Algebra

How Long Would it Take to Fly From Earth to Jupiter?

Problem
Earth is approximately 93,000,000.00 miles from the sun, and the Jupiter is approximately 484,000,900.00 miles from the sun. How long would it take a spaceship traveling at 7,500.00 mph to fly from Earth to Jupiter?

A.   9.0 years C.   6.0 years
B.   5.0 years D.   3.0 years

 

Amount of Sales Needed to Receive the Desired Monthly Income

Problem
A salesperson earns \$600 per month plus a commission of 20% of sales. Find the minimum amount of sales needed to receive a total income of at least \$1500 per month.

A.   \$1500 C.   \$4500
B.   \$3500 D.   \$2500

 

Relationship Between Arithmetic Mean, Harmonic Mean, and Geometric Mean of Two Numbers

For two numbers x and y, let x, a, y be a sequence of three numbers. If x, a, y is an arithmetic progression then 'a' is called arithmetic mean. If x, a, y is a geometric progression then 'a' is called geometric mean. If x, a, y form a harmonic progression then 'a' is called harmonic mean.
 

Let AM = arithmetic mean, GM = geometric mean, and HM = harmonic mean. The relationship between the three is given by the formula
 

$AM \times HM = GM^2$

 

Below is the derivation of this relationship.
 

Derivation of Sum of Finite and Infinite Geometric Progression

Geometric Progression, GP
Geometric progression (also known as geometric sequence) is a sequence of numbers where the ratio of any two adjacent terms is constant. The constant ratio is called the common ratio, r of geometric progression. Each term therefore in geometric progression is found by multiplying the previous one by r.
 

Eaxamples of GP:

  • 3, 6, 12, 24, … is a geometric progression with r = 2
  • 10, -5, 2.5, -1.25, … is a geometric progression with r = -1/2

 

Derivation of Sum of Arithmetic Progression

Arithmetic Progression, AP
Definition

Arithmetic Progression (also called arithmetic sequence), is a sequence of numbers such that the difference between any two consecutive terms is constant. Each term therefore in an arithmetic progression will increase or decrease at a constant value called the common difference, d.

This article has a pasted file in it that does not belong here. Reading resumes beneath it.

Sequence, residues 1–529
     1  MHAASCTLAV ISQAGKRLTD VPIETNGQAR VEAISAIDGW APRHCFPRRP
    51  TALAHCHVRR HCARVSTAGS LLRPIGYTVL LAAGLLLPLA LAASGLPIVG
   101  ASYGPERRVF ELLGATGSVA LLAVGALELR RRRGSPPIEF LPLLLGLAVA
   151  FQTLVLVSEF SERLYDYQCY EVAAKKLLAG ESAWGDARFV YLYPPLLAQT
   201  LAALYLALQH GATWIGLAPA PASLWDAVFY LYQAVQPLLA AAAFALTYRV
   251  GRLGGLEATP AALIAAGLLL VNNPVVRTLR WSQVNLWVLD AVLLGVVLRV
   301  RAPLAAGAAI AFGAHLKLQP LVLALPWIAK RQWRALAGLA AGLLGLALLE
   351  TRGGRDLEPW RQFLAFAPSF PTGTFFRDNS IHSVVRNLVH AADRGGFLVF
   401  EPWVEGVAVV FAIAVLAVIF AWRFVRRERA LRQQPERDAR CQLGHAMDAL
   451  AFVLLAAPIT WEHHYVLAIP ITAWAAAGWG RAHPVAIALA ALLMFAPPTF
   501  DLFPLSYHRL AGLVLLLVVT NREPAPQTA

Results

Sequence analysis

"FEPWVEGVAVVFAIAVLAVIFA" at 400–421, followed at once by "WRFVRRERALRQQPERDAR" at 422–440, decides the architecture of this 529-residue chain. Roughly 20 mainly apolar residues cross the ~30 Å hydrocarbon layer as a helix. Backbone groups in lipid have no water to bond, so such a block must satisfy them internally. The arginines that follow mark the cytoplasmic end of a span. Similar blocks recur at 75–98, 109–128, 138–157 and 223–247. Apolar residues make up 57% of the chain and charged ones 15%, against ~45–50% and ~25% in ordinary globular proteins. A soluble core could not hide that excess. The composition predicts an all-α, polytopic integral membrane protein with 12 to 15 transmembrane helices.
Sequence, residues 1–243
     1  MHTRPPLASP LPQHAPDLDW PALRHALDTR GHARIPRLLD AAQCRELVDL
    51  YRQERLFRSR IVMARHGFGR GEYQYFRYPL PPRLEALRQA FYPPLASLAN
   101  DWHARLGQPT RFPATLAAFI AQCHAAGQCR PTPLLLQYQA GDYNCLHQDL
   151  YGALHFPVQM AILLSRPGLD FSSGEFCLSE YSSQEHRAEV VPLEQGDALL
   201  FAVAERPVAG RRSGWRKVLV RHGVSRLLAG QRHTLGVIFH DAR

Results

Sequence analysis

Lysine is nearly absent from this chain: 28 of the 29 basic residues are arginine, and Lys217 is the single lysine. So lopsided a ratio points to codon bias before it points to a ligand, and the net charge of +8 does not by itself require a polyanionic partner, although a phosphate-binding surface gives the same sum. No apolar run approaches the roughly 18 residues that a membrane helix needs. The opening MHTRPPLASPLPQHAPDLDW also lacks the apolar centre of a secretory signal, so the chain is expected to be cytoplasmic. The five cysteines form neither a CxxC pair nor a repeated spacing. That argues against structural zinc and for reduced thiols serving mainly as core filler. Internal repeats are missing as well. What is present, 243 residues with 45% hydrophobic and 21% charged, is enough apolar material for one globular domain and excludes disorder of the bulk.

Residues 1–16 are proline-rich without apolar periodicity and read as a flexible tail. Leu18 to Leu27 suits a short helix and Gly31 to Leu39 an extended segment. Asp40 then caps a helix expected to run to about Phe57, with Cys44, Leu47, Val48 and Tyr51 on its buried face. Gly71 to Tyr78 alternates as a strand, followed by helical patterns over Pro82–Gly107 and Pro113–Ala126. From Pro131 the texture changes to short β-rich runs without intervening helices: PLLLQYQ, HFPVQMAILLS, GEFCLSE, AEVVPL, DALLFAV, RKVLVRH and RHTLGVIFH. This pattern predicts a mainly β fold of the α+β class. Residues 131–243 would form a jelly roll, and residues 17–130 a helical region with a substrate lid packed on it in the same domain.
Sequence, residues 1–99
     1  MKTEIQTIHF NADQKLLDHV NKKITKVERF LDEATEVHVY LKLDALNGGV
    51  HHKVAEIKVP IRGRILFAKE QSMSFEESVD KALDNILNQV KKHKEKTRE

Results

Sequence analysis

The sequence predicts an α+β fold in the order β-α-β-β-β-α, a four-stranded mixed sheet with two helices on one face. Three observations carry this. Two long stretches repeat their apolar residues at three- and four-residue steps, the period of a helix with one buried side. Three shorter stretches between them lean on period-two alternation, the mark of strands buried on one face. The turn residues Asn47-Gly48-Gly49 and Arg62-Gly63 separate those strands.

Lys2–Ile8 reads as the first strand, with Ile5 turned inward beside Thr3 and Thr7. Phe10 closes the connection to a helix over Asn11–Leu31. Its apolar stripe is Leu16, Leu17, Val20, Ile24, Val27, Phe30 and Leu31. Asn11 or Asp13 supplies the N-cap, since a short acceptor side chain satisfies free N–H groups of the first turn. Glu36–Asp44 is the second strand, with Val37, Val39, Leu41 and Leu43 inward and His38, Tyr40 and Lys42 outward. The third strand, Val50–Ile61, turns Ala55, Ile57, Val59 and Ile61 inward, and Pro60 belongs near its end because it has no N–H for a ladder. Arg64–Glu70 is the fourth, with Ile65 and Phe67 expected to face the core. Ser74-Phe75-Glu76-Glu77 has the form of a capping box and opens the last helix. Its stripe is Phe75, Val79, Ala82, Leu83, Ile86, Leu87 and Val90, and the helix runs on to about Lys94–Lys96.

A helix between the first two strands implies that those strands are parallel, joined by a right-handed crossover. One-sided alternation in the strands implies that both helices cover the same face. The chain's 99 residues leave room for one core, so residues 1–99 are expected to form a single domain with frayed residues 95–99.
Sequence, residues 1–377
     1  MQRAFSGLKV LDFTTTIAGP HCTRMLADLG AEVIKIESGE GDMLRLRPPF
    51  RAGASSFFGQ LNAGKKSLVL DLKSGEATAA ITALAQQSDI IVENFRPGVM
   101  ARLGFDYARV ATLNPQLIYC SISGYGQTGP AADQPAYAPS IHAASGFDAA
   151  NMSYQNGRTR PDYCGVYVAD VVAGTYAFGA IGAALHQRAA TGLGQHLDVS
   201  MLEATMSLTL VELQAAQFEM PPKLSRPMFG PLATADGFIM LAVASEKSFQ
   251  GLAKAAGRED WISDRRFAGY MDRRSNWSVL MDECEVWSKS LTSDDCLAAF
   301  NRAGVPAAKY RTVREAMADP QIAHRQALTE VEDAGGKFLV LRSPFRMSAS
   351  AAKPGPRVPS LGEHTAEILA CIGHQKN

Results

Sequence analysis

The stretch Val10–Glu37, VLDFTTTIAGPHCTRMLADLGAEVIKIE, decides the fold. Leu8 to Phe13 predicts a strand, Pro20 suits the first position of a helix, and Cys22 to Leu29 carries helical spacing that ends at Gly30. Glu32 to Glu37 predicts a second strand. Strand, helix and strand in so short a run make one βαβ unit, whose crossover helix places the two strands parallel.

Examples of arithmetic progression are:

  • 2, 5, 8, 11,... common difference = 3
  • 23, 19, 15, 11,... common difference = -4

Sum and Product of Roots

The quadratic formula
 

$x = \dfrac{-b \pm \sqrt{b^2-4ac}}{2a}$

 

give the roots of a quadratic equation which may be real or imaginary. The ± sign in the radical indicates that
 

$x_1 = \dfrac{-b + \sqrt{b^2-4ac}}{2a}$   and   $x_2 = \dfrac{-b - \sqrt{b^2-4ac}}{2a}$

 

where x1 and x2 are the roots of the quadratic equation ax2 + bx + c = 0. The sum of roots x1 + x2 and the product of roots x1·x2 are common to problems involving quadratic equation.
 

Derivation of Quadratic Formula

The roots of a quadratic equation ax2 + bx + c = 0 is given by the quadratic formula
 

$x = \dfrac{-b \pm \sqrt{b^2 - 4ac}}{2a}$

 

The derivation of this formula can be outlined as follows:

  1.   Divide both sides of the equation ax2 + bx + c = 0 by a.
  2.   Transpose the quantity c/a to the right side of the equation.
  3.   Complete the square by adding b2 / 4a2 to both sides of the equation.
  4.   Factor the left side and combine the right side.
  5.   Extract the square-root of both sides of the equation.
  6.   Solve for x by transporting the quantity b / 2a to the right side of the equation.
  7.   Combine the right side of the equation to get the quadratic formula.

See the derivation below.
 

 
 
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